It's just practice. That's what Nancy keeps saying. It's something nice and fun and practice for when they have boyfriends.

Except she doesn't think about boyfriends when she's with Barb. She thinks about Barb—about the books that Barb has been reading and telling her about; about where they're going to go to college and what they're going to do there; about the way Barb's fingers feel as they explore her body.

She doesn't worry about it much over the summer. Summer feels... unreal, in a way. Without school setting the schedule for their lives, too young to be expected to hold down jobs, they have plenty of time to simply... be themselves.

To explore.

To have fun.

To say I love you, and it's true, so very true, but it's also...

It's not something they can ever say in front of others. It's not something that can go anywhere or really mean anything.

Can it?

“What are we doing, Barb?” Nancy asks the question with her head pillowed on Barb's shoulder, relishing the gentle rise and fall of her friend's breathing.

“Naming cloud shapes. That one looks like a unicorn.” Barb lifts her free hand to point out what she means.

“I know that, but I mean...”

“I know what you mean, Nance.” Barb sighs. “Are you... unhappy with what we're doing?”

“No. Not at all.” Nancy sits up, looking down at Barb's relaxed form. “But... I mean... we can't keep doing this forever, right?”

“Why not?” Barb sits up on her elbows.

“Because we'll need... something more.” Nancy changes to a cross-legged sitting position. “A career. A husband.”
“A career, yeah. Only way to get ahead in this world.” Barb runs a hand through her hair. “But a husband... is that what you want?”

“I...” Nancy looks down at her hands. “I like looking at boys. You know that.”

“I do.” Barb reaches out, her fingers brushing against Nancy's cheek. “What does that have to do with this?”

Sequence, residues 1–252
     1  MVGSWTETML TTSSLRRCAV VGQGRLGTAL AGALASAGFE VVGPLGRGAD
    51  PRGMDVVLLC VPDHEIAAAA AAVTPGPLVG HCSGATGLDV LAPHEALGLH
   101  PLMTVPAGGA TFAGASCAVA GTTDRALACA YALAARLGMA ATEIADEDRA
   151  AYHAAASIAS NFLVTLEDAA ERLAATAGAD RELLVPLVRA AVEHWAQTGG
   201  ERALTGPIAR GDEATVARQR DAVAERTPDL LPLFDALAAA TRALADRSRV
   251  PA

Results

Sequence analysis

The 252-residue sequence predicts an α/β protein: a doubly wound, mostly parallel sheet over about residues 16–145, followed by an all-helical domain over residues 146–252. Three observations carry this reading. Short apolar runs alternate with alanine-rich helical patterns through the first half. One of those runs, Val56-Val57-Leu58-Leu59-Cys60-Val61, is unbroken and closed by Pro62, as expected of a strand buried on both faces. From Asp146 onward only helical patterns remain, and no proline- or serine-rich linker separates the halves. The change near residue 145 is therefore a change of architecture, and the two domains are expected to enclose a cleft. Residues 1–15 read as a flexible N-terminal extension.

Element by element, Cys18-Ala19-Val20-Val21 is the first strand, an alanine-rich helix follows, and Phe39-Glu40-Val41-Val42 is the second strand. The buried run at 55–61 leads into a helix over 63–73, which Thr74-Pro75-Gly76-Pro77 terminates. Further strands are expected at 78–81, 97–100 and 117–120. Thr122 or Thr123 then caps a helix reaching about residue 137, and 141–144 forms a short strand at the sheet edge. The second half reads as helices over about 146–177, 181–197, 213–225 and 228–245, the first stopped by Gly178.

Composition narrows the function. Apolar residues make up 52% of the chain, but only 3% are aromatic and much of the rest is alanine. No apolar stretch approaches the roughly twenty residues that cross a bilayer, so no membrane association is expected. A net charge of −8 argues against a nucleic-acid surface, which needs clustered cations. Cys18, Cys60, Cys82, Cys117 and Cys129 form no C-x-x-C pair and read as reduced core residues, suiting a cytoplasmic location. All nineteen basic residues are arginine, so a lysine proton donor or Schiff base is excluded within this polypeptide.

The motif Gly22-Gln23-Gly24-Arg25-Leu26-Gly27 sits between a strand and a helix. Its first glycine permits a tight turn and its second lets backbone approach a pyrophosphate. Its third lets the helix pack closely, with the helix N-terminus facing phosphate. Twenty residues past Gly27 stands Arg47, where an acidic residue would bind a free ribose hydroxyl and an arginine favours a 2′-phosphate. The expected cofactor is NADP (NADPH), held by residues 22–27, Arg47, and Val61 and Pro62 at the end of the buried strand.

“This is... I mean...” Nancy shakes her head.

“You're worrying about what other people are going to think. Again.” Barb's hand falls to her eyes. “I get that. I really do. And if you really like the idea of dating a guy... here, how about this. If you want to date some guy, just let me know, and you go do that. See what it's like. See how you enjoy it.”

“O-okay.” Nancy reaches out to take Barb's hand in hers. “It... won't upset you?”

Barb shrugs. “I want you to be happy, above all. And if that's what you need to be happy...”

Nancy leans forward, claiming Barb's mouth in a fierce kiss, and the rest of the afternoon is passed in comfortable silence.

* * *

It's harder to accept what she's been doing with Barb as real during the school year.

Everyone knows who is dating who. Everyone knows who is interested in who.

Everyone has this vague idea that there are faggots and queers, and no one wants to be seen as one of them.

It's easier for them to hide as women. All Nancy has to do is look at the teasing her little brother and his friends go through in order to know that. Friendships that are too close, a speech pattern that's a little bit off, interests that don't fall within very particular categories that seem to include sports and hunting—anything that could be construed as strange or feminine is enough to get the label of faggot lobbed at a boy.

But if she has a tendency to reach for Barb's hand? If they spend almost all of their free time together?

There are limits to the leniency that they're given, but those limits are broad enough that with a little bit of care they can continue on with their... relationship?

Is that what this is? Is she dating her best friend?

They don't go to the dance together this year. They don't have to discuss it—they both know that they've pushed the envelope as far as it will go already.